On the other hand, I never felt as a real mezzo-soprano - I have been always feeling I have a rather central soprano voice and it is probably that the high register was not matured when I was teenaged, and college teachers were advising I would rather become a mezzo-soprano. I am still at very tender age and surely there will be always little changes whilst the time goes.
Which particular singers have most inspired and influenced you in this repertoire (either in person or on record)?
I would not say there have been many influences before I recorded this disc.
I have to say I am a bit reluctant to listening to recordings before recording some particular repertoire myself. I am always learning and enjoying nearly every day listening to excerpts from J.S. Bach's Goldberg Variations by Glenn Gould or any music recorded live or studio by Grigory Sokolov I have on my iPhone - there are so much inspirations from those listening experiences! You always [find] something new and just meditating and melting in this music..And I still listen to Bach's Motets and some other Bach's sacred works every day - I am so happy to be living in a time where I have opportunity to hear this unearthly music!
So what's next for you, both in the long and the short-term? Can you tell us anything about your future recording plans, and what sort of roles would you like to be singing in, say, five or ten years' time?
I would love to do more Baroque and Classical music, as I am so deeply in love with it - it is part of my soul, it lives in my heart. Well, it is always difficult to plan so far ahead, and I totally enjoy the way it goes now: I have time to rest and time to think things over and just to enjoy daily life. In the long-term, I would love to keep the freshness of the voice, its youth and brightness.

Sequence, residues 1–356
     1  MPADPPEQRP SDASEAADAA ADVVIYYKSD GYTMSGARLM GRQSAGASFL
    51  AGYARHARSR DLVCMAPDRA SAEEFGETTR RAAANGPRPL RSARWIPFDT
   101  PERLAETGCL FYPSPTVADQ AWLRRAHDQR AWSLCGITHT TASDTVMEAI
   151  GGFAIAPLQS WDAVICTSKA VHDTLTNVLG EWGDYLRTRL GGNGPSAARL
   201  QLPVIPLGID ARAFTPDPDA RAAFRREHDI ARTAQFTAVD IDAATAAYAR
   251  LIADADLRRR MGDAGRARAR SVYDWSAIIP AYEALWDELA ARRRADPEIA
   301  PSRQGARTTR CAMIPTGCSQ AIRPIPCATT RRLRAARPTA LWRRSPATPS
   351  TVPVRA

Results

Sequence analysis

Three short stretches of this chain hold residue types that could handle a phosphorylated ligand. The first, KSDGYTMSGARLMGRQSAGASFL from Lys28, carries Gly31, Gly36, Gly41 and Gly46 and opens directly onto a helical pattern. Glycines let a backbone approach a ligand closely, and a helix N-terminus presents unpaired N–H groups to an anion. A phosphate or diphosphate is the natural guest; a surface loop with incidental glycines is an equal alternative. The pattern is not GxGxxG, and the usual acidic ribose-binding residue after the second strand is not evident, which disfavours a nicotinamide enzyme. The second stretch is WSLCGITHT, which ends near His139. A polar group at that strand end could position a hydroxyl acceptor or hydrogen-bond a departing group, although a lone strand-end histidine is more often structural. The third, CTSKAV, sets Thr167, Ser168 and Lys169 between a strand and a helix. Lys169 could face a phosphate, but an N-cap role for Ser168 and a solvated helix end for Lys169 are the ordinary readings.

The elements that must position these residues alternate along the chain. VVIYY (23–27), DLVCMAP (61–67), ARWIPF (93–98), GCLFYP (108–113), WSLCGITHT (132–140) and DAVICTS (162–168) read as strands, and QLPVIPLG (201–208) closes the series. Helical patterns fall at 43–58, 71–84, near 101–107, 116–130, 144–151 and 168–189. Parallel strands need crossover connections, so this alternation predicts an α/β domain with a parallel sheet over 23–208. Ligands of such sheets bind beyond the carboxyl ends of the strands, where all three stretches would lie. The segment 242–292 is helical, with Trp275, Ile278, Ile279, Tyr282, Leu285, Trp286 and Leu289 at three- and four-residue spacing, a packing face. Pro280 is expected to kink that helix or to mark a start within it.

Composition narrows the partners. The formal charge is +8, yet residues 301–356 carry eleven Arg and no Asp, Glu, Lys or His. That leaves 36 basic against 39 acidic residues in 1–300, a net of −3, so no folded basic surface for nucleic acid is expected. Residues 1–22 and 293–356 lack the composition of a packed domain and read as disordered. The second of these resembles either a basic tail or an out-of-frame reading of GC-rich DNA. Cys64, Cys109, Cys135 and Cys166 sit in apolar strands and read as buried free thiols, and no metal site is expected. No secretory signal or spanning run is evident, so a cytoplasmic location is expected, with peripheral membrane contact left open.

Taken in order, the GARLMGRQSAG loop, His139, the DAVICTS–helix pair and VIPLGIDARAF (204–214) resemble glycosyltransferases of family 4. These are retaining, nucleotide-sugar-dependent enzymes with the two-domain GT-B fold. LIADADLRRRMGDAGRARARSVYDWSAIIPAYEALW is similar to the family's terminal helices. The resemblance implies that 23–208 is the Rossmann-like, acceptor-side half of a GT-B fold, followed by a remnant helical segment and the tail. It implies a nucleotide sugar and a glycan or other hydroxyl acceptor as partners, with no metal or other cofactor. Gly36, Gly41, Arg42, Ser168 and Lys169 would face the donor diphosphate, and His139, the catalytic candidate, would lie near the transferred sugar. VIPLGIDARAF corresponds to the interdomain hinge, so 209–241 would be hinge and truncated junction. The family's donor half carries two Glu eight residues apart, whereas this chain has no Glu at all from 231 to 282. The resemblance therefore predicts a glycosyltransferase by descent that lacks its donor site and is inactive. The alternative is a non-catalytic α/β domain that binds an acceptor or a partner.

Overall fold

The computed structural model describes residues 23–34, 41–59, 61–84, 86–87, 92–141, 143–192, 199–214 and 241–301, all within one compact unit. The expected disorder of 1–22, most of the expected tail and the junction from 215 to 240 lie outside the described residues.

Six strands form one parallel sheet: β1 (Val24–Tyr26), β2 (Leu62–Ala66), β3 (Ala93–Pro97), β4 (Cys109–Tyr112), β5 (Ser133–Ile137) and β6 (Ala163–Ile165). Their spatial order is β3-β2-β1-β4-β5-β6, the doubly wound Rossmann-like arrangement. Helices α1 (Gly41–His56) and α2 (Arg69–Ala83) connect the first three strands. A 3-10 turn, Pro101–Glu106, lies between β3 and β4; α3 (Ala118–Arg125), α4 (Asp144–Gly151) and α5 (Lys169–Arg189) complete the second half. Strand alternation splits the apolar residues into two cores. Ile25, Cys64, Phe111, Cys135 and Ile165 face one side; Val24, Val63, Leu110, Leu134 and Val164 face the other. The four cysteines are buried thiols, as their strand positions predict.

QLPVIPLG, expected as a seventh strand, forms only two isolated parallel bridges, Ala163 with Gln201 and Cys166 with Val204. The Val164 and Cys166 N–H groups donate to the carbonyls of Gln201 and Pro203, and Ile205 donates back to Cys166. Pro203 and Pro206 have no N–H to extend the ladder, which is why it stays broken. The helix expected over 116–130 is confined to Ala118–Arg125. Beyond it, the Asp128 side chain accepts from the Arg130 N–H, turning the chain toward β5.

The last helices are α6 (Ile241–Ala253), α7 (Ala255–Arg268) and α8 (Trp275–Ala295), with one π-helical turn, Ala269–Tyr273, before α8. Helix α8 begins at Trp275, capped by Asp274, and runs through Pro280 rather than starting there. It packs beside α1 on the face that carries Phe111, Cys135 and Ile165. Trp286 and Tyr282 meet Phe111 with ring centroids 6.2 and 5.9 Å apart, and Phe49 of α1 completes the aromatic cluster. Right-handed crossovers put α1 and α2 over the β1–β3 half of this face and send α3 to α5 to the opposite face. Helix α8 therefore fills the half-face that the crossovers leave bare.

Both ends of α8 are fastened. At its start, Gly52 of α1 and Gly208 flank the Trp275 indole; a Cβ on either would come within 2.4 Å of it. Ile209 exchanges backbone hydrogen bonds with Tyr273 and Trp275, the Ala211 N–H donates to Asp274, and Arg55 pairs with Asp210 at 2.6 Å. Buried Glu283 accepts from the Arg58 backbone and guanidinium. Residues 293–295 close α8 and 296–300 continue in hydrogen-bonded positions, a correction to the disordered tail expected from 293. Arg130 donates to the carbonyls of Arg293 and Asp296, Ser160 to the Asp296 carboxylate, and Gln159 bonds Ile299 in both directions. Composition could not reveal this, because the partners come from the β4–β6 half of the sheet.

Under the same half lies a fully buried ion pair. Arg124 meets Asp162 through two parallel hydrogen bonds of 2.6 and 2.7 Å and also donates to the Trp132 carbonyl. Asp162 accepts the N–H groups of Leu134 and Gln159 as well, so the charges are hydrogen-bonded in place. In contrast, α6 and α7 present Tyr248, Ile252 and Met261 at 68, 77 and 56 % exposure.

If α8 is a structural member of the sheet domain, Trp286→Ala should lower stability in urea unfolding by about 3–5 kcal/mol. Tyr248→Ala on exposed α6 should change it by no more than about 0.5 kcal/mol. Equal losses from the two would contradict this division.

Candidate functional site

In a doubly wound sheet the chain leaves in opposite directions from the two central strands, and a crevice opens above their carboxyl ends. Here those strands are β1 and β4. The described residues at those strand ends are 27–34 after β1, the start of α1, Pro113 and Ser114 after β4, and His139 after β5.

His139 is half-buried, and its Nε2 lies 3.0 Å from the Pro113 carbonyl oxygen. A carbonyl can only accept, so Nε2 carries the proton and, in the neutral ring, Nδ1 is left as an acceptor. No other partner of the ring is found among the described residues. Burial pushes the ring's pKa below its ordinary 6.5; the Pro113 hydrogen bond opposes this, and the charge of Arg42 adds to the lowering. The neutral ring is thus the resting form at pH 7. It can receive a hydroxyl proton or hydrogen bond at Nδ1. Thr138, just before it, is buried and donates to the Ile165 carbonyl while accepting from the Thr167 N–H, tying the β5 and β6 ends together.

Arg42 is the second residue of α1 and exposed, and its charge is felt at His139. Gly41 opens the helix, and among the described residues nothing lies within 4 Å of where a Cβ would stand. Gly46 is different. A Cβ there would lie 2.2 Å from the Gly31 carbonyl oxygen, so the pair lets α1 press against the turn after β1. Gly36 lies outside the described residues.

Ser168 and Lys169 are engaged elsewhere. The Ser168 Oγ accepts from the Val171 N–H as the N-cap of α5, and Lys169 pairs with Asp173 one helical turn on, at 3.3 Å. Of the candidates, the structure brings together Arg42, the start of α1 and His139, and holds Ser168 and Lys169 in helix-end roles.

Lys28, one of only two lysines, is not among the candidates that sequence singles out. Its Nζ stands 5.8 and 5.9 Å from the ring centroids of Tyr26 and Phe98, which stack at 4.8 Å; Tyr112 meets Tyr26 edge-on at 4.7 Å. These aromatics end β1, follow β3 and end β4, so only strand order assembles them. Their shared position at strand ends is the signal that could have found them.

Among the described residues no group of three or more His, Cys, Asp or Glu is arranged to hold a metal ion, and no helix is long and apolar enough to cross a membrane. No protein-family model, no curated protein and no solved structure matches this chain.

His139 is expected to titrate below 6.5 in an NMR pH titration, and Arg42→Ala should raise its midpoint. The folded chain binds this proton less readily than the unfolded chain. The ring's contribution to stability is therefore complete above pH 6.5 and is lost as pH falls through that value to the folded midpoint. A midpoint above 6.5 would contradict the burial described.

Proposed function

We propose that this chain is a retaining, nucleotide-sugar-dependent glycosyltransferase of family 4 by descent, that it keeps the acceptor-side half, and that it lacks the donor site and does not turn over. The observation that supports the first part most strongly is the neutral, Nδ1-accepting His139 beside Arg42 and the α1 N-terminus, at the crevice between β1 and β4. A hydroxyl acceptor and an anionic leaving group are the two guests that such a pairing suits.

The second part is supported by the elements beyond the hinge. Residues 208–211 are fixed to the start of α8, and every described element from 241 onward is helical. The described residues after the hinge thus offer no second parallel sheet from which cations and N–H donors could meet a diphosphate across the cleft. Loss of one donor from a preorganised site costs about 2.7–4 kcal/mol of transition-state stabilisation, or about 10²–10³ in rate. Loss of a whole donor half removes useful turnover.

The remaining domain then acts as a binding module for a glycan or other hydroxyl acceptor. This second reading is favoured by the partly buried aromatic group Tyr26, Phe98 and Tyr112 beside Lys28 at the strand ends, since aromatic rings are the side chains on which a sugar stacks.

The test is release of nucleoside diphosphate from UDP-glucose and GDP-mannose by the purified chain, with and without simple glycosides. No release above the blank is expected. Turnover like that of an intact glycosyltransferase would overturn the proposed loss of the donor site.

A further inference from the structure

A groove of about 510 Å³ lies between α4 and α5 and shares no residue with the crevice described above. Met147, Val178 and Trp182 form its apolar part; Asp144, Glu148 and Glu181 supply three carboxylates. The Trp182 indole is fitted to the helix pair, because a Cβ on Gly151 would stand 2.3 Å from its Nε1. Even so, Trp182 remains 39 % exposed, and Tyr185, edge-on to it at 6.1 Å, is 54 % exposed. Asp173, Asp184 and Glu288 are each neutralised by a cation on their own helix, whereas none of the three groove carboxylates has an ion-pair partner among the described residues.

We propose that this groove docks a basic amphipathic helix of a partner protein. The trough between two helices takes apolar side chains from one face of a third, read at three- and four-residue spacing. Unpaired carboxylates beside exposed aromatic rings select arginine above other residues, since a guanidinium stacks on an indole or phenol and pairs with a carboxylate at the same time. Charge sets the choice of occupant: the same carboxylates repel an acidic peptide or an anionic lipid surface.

I think some Rossini central roles, such as Donna del Lago [Elena] or Mozart's Fiordiligi are ideal for me for future.
Nearby projects I have some Masses to perform - Schubert with Philippe Herreweghe and Petite messe solennelle with Ottavio Dantone. I am so much looking forward to be singing Masses and sacred works more, especially those by J.S. Bach! Finally, there will be two staged operas - a participation in the premiere of the opera Siroe by Hasse offered to me by the wonderful friend and colleague, Max Cencic. It will be staged in November this year in Versailles. And in summer next year I am going to make my debut at the Royal Opera House - I will be singing Zerlina in Don Giovanni. It's a great honour - the cast is a real dream and I am so much looking forward to this production!!
'Alleluia', featuring solo motets by Vivaldi, Porpora, Handel and Mozart, was released last year on Decca Classics; Gramophone described it as showcasing 'a voice of bell-like purity, even throughout its compass, immaculately fluent in coloratura' and Lezhneva as 'a singer who rivals the young Bartoli in high-octane virtuosity.'